How to Publish Online Video

June 16, 2020 BY ELISA LEWIS
Updated: March 9, 2021

man uses laptop

Online video has completely permeated the online space and continues to be a staple in many people’s digital experience. By 2021, global internet traffic is projected to make up 82% of all consumer internet traffic. 

Whether it be live or prerecorded, the demand for video doesn’t seem to be going away anytime soon. In fact, the popularity of online videos seems to be growing year by year. In 2019 alone, internet users watched 1.1 billion hours of live video and about 70% are watching between 0-4 hours with online video per day.  

That’s a ton a video! With so many videos being consumed daily, it’s important that accessibility is a top priority. When considering how to publish online video, content creators must ensure that it’s accessible to all viewers. Not only does it widen the video’s reach, but it also helps with engagement, SEO, and more. 

If you’re wondering how to publish online video, this post will help you find the best way to make it accessible to all viewers. 

10 Tips for Making Online Video Accessible


Tips on How to Publish Online Video Content

Video is a great way to share your thoughts, skills, and/or product in a visually-appealing and attention-grabbing way. 

When creating a video, it’s important to keep best practices in mind in order to make your content as effective as possible. 

Quality Audio

Although videos are a visual medium, audio quality is just as important as the video quality. 

When recording, you want to ensure that you’re using a quality microphone that easily picks up sound. The internal microphones built in smartphones, cameras, and laptops aren’t that great. However, when you invest in a decent microphone, it really elevates the entire video. 

Factor in SEO

Search engine optimization, or SEO, is all about driving organic search engine traffic to your content. In this case, video SEO is about leading viewers to your video. 

A big factor in SEO is engaging and relevant content, so that should always be the main focus. Search engines prioritize content that’s helpful for searchers, however, there are a few things that you can do to help boost your video’s SEO. 

woman vlogs a video of her outfit

When uploading your video to a platform, you want to ensure that you include metadata. Video metadata includes titles, tags, descriptions, captions, transcripts, thumbnails, etc.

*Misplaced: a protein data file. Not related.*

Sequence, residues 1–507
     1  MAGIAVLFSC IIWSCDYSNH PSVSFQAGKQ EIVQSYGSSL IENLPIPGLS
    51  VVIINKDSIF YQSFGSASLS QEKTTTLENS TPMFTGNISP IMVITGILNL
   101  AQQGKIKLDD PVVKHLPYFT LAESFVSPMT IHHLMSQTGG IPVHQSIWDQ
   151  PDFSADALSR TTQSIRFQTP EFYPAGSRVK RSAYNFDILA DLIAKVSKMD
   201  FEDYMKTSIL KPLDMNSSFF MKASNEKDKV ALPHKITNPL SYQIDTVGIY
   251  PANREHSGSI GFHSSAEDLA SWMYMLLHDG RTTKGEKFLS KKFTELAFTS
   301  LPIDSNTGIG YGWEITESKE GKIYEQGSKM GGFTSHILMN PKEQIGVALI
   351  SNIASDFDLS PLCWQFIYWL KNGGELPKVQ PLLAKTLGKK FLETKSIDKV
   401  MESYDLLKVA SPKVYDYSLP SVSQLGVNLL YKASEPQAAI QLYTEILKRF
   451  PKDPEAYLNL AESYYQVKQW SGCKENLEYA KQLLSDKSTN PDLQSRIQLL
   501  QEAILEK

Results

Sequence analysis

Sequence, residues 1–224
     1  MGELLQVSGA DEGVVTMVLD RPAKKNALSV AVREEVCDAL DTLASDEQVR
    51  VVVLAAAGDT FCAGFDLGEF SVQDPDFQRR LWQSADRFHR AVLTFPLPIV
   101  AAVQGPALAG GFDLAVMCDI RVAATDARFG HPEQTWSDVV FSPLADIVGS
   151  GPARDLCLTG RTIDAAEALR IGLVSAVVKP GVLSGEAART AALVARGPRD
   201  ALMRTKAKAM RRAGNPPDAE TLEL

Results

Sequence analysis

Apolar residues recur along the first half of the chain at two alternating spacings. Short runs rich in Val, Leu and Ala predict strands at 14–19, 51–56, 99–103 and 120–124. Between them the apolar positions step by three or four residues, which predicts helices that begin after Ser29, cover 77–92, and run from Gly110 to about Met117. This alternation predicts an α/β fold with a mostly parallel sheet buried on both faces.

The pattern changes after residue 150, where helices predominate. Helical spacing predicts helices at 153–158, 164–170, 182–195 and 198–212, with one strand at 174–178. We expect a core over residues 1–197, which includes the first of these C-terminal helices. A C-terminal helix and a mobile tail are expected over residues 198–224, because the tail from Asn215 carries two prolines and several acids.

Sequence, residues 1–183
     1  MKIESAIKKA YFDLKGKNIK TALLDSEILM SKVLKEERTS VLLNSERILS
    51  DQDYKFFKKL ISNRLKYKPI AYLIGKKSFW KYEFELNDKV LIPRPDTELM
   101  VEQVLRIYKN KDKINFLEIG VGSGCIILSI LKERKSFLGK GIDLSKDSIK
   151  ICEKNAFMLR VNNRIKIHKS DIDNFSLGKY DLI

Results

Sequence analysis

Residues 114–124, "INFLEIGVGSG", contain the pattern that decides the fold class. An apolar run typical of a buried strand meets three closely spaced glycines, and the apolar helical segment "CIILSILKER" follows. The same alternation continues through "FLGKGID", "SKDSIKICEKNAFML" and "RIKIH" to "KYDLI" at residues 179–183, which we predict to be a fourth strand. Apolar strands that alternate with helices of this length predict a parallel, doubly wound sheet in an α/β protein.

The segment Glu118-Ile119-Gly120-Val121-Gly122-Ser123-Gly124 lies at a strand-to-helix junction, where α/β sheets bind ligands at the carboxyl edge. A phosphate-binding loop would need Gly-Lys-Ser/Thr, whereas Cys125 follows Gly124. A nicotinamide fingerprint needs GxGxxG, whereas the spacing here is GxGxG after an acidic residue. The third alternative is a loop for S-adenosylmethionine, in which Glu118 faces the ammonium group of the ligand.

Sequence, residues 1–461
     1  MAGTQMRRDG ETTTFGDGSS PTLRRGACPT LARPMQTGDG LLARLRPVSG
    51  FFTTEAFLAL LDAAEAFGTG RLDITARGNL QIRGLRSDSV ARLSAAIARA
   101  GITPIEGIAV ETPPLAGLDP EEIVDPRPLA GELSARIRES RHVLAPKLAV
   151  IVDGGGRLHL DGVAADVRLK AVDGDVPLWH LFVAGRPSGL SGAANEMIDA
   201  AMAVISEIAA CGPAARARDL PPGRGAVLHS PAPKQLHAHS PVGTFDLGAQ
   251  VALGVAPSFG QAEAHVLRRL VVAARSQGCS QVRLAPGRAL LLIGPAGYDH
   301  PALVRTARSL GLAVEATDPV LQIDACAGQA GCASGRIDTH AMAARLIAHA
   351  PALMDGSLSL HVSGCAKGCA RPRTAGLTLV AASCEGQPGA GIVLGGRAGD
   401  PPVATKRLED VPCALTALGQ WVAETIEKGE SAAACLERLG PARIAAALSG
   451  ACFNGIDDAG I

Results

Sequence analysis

When a video is first indexed, search engines only have the metadata to determine the topic and value of the video. Soon after though, search engines are good at detecting videos that actually provide value – so optimize your video for humans instead of robots. 

Invest in Video Accessibility

Video accessibility is all about making your content viewable by everyone – including people with disabilities. 

There are several video tools that help achieve video accessibility including, closed and live captioning, audio description, and transcription. 

When you invest in accessibility, you make your content viewable to all audiences. We’ll dive more into the elements of accessible online video in the next section. 

Include a Call to Action 

A call to action, otherwise known as a CTA, is the desired action you want your viewers to take. Whether it’s sending them to your website or having them sign up for a newsletter, it’s important to give viewers the next steps once they’ve finished watching your video. 

The reason why CTA’s are important is that you want to keep your audience interested in your brand and other content you will create in the future. 

Keep Your Videos Short

Unless you’re producing episodic long-term content, it’s best to keep your videos short, sweet, and to the point. Nowadays, with so much content being produced, it’s hard to keep viewers’ attention. 

According to a study by Microsoft, the average human being has an attention span of eight seconds! Most people don’t have the patience to sit through a long video, so be sure to deliver your message in an efficient way. 

Here are some tips you can keep in mind when recording your video:

  • Get to your point as soon as possible
  • Inspire emotion 
  • Be authentic 
  • Avoid coming off too “sales-y”

 Video Accessibility Best Practices ➡️ 

Elements of Accessible Online Video

woman vlogs a fitness video
Closed Captioning

Closed captions are time-synchronized text that can be read while watching a video. They’re usually noted with a CC icon, and they originated as an FCC mandate for broadcast in the1980s. Captions assume that the viewer can’t hear, so they convey all relevant sound effects, speaker identification, and other non-speech elements. 

They make video accessible to deaf and hard of hearing viewers by providing a text-based and time-synchronized alternative to the audio. 

Live Captioning

Live captioning is a little different than closed captioning, which is typically used for prerecorded video. Live captioning is for videos happening in real-time. 

Live captions ensure that all of your live video streams are accessible to the deaf or hard-of-hearing community as well as make your content more engaging.

Live captions are created in various ways. The two main options would be through automatic speech recognition technology or by a human stenographer. There might be a slight delay in live captioning as ASR technology is processing the words being spoken or the stenographer is typing. It all depends on the platform.

Live captions and closed captions are a great accommodation for the deaf and hard of hearing, however, what about blind and low vision viewers?